Ask Dr. Santos: How Has Imaging Technology Improved Surgical Precision?

Surgical accuracy is critical to good outcomes in any surgery, and is particularly important for procedures performed on and around the delicate structures of the spine. Dr. Santos explains how imaging technology is used to guide spine procedures and ensure surgical precision.

 

“Today’s spine surgeries are performed with the benefit of cutting-edge technology,” explains Summit spine surgeon Dr. Edward Santos. “Imaging advances have been particularly valuable for those of us who perform spine instrumentation and fusions.

“The success of spinal fusion surgery relies on the proper healing of the fused bone,” he explains. “Pedicle screws were developed to provide stability across the fused segments during the healing process. These screws are placed in the spine to help hold the bone in place while we are waiting for the fusion to mature.”

The introduction and use of pedicle screws for spinal fusions has led to better outcomes. Fusion rates have improved significantly with the use of pedicle screws.

“In years past, when we did not have the advantage of computer imaging technology, we would insert these screws freehand,” says Dr. Santos. “As you can imagine, this was not ideal. Without precise visual guidance, a surgeon used his or her best judgment to position the screws. Placing them in the right track was crucial because a placement that was a few millimeters too far to the right or left could damage a nerve or even the spinal cord.”

Today, advanced imaging technology guides every screw placement in real time. CT scanners in the surgery room are used to generate three-dimensional images of the spine as the surgical team operates. “When we place a pedicle screw,” says Dr. Santos, “we can see the image of the screw as it is being inserted. We know exactly where the screw is going. More importantly, we know exactly where it is not going—it’s not going into the spinal canal or the area where the spinal cord and the nerves are.”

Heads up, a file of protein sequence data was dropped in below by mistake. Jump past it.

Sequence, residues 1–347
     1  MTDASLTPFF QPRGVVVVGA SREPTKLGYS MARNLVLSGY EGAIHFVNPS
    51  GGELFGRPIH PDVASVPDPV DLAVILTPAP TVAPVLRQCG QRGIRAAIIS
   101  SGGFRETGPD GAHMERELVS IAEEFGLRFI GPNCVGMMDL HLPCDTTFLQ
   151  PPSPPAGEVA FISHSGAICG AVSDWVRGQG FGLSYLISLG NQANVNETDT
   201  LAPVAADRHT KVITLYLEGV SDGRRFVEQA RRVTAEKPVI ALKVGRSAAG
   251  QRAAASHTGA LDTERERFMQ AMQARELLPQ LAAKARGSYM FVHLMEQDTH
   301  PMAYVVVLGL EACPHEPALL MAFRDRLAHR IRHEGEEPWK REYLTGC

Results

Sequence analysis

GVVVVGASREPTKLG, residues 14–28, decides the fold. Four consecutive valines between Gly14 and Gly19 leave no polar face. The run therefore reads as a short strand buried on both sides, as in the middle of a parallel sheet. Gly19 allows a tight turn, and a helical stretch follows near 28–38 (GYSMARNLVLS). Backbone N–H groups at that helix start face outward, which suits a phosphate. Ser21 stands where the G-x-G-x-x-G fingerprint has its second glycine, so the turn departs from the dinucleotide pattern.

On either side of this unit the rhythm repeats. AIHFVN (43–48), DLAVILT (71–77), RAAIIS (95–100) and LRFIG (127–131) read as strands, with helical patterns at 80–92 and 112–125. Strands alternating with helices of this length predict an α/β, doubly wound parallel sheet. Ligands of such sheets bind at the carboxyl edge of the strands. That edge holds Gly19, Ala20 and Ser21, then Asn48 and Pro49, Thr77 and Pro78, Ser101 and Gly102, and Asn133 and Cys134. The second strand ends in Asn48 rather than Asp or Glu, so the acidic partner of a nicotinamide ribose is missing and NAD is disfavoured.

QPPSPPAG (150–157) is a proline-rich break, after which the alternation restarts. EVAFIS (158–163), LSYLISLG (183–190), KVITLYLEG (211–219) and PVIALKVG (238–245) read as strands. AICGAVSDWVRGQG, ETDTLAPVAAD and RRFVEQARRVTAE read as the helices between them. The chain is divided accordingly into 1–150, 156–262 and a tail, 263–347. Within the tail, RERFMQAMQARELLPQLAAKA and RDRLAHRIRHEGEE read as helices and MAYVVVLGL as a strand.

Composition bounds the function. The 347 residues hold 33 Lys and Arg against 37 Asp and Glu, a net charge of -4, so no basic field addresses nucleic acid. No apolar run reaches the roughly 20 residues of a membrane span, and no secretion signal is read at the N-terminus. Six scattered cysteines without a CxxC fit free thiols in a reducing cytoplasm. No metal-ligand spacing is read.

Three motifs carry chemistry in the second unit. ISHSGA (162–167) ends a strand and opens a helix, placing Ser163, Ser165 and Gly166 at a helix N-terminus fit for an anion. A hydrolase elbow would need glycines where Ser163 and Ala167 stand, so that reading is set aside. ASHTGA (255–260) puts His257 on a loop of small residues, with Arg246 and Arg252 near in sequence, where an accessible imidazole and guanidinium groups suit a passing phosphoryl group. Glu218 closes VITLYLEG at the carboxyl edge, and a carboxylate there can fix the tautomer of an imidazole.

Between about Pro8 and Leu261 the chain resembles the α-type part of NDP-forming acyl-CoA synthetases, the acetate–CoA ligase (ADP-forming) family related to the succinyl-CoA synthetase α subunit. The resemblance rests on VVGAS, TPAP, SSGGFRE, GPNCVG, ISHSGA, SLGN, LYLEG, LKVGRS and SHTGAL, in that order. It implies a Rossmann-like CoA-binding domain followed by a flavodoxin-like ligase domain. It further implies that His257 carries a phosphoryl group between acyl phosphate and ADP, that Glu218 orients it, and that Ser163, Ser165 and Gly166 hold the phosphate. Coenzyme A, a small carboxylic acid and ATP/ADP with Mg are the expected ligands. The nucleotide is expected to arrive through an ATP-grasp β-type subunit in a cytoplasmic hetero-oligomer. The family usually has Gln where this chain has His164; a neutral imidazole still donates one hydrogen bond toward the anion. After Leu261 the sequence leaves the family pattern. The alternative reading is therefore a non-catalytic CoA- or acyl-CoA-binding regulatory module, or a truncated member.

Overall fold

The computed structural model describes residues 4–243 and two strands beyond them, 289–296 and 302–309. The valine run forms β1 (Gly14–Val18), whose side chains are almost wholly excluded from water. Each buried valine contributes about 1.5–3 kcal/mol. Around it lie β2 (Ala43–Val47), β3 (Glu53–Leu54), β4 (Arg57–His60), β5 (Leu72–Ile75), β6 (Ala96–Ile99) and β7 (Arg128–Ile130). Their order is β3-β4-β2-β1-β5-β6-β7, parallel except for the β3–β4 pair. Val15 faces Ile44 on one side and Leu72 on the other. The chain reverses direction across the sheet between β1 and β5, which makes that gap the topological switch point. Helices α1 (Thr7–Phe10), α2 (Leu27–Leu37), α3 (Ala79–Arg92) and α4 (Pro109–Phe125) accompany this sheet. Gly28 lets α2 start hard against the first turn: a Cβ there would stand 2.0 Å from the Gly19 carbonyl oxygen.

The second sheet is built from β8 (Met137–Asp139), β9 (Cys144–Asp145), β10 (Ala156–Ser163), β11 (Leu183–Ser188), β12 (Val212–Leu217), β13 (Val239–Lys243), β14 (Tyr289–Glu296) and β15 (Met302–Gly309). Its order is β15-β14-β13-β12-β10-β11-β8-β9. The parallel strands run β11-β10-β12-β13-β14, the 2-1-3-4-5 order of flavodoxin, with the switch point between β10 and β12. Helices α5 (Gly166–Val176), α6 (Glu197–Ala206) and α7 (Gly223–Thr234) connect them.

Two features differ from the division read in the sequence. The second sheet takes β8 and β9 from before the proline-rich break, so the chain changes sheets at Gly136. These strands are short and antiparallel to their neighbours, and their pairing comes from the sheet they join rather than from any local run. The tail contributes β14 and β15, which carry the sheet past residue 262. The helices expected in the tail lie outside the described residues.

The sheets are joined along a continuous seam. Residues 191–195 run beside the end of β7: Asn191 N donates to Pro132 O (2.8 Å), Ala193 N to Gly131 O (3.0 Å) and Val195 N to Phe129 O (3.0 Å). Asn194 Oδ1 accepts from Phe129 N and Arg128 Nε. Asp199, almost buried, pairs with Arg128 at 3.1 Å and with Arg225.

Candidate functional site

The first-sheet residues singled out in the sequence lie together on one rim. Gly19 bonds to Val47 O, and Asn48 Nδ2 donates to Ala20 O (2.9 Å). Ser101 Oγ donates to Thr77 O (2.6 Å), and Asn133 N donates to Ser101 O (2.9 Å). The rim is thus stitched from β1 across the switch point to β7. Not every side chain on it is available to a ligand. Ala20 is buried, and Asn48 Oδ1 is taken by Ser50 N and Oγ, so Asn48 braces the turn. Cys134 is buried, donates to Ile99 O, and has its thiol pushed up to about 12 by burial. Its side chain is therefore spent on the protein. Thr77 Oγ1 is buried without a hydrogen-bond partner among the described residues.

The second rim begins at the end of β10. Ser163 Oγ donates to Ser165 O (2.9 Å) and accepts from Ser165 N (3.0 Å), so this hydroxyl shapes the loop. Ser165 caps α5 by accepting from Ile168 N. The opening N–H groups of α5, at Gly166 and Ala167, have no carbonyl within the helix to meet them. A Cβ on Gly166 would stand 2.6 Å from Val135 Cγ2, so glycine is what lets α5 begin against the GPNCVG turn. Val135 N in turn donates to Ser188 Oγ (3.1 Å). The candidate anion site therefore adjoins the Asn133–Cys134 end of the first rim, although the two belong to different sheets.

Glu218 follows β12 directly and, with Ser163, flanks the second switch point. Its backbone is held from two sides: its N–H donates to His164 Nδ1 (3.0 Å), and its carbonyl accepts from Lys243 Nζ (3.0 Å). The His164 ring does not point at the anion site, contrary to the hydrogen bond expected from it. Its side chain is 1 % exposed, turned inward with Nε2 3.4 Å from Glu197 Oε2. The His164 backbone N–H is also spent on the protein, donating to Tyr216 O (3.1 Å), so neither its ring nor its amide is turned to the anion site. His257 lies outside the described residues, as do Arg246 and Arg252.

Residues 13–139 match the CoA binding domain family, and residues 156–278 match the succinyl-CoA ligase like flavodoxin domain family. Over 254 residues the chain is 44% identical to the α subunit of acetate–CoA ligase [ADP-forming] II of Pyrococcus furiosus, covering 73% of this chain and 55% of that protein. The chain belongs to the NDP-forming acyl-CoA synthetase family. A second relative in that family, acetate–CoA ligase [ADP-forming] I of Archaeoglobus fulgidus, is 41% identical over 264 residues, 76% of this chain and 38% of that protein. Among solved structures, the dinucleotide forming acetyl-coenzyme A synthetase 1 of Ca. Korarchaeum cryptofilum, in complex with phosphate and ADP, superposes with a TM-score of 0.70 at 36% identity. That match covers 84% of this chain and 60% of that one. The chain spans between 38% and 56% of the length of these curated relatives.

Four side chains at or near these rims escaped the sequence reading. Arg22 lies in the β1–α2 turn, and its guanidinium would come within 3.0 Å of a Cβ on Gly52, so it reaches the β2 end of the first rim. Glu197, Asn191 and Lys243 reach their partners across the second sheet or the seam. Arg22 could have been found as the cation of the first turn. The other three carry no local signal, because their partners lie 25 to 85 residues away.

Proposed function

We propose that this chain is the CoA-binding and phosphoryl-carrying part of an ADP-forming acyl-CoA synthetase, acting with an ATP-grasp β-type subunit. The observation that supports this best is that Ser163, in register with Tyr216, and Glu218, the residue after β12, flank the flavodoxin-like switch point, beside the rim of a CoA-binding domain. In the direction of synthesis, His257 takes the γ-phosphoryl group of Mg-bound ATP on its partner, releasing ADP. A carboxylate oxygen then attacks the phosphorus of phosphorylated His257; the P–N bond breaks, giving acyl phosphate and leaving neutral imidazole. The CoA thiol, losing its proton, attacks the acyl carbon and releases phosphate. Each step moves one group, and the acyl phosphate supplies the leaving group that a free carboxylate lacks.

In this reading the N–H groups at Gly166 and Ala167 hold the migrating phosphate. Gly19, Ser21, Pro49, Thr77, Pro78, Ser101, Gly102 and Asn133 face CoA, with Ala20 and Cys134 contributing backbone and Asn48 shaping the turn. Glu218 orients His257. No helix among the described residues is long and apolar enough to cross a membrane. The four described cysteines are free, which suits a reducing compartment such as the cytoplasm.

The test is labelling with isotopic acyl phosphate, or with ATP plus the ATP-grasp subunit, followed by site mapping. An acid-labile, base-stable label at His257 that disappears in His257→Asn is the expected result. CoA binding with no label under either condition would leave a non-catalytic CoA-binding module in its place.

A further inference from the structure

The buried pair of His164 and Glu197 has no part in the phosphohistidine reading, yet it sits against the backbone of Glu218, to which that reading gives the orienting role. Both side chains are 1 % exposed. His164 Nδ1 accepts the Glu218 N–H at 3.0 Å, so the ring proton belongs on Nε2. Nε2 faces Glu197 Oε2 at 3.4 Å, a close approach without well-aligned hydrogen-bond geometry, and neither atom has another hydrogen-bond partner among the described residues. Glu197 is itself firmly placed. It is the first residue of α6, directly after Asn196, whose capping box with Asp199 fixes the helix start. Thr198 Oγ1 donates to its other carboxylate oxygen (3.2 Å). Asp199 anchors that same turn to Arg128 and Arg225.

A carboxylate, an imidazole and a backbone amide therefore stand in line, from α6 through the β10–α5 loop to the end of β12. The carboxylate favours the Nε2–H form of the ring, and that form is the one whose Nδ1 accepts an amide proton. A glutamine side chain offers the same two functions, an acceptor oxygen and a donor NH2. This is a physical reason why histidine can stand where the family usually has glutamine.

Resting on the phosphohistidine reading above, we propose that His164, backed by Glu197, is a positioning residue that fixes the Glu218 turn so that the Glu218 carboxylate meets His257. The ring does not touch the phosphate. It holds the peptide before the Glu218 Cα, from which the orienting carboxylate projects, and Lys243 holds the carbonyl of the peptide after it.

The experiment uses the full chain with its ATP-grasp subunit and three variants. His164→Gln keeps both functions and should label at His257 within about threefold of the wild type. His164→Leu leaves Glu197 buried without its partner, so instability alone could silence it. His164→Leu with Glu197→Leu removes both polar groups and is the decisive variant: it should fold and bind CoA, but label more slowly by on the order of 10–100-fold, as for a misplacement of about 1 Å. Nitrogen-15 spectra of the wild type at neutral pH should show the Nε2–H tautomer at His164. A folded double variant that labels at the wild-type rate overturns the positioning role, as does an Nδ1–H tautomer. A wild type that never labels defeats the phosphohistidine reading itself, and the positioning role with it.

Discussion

Patient outcome analysis has demonstrated the improved safety and accuracy of image-guided pedicle screw placement. Imaging has markedly reduced the incidence of malpositioned screws in spinal fusion surgeries.

“Advanced imaging is just one example of technology’s contribution to health care,” says Dr. Santos. “As we look to the future, I am most excited about the refinement of our current techniques. Technology advances increase precision, and I think that will go hand in hand with the development of surgical procedures that are less invasive. The evolution of medical technology is the most dynamic area of spine surgery and spinal research. As we continue to advance, I look forward to the introduction of more techniques that can address a larger number of spine disorders.”

 

 

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  • Edward Santos, M.D.

    “I am committed to providing the best care possible for all of my patients with spine disorders. I treat each and every patient as I would treat any member of my family. I believe that patients’ concerns and expectations deserve to be heard. I also believe in the importance of having a thorough discussion of both surgical and nonsurgical options, with the goal of relieving pain and restoring function.”

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